Mongabay: What do you think this area will look like in the years to come?
Jose Marihuan Ancanao: I’m afraid about the future because I’ve had to go find work in northern Chile. I finished school after a lot of effort and went to work in mining. So I’ve worked outside of this area and I have some perspective. I was in a city called Talca, which they installed with a power plant and doesn’t have a river at all. They started out with one and now I don’t even know how many power plants they have. But I’ll tell you the truth, they live a sad life. They don’t have water to bathe in because everything is private. That’s how it happens. The water is all privatized. I wouldn’t like what happened in Talca to happen here. So much scarcity. The cost of it is so much worse than what you get in return. For example, I’d say to people that are negotiating here with the builders that the money disappears from the community as much as the water does. But if they hold on to the water, they’ll have it for the rest of their lives, and for their children and grandchildren, for everyone.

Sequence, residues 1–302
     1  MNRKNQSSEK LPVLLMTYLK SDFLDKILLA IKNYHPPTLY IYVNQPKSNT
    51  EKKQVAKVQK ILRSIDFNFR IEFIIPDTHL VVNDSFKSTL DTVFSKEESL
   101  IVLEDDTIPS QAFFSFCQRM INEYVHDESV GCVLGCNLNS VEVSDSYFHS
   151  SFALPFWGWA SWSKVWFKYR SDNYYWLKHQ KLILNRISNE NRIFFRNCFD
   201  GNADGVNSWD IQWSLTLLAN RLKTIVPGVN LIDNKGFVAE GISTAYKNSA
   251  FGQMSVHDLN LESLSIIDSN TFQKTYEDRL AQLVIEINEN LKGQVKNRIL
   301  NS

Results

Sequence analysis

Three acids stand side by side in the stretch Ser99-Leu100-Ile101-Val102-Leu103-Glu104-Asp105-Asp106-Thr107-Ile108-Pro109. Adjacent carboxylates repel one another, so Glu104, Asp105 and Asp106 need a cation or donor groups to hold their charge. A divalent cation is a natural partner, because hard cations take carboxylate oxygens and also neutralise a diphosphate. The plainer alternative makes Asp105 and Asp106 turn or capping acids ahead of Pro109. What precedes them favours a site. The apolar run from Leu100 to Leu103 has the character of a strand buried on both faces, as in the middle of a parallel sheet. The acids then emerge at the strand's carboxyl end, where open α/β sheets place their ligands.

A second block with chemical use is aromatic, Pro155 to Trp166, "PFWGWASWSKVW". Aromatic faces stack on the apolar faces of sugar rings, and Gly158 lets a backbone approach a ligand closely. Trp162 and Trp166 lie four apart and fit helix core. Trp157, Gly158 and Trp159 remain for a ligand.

Mongabay: Do you think Chile adopting a new constitution will help any of this?
Jose Marihuan Ancanao: Yes, I think so. Because they need to adopt some kind of law on water, the water that originates here. Because, ultimately, this is where they’re building the power plants. But a lot of people don’t know about it, that the energy generated here isn’t even used in Chile. It goes to other countries. So they should have laws that ensure the water isn’t touched again.
Banner image: Chile’s Bío Bío River. Photo by Maxwell Radwin/Mongabay.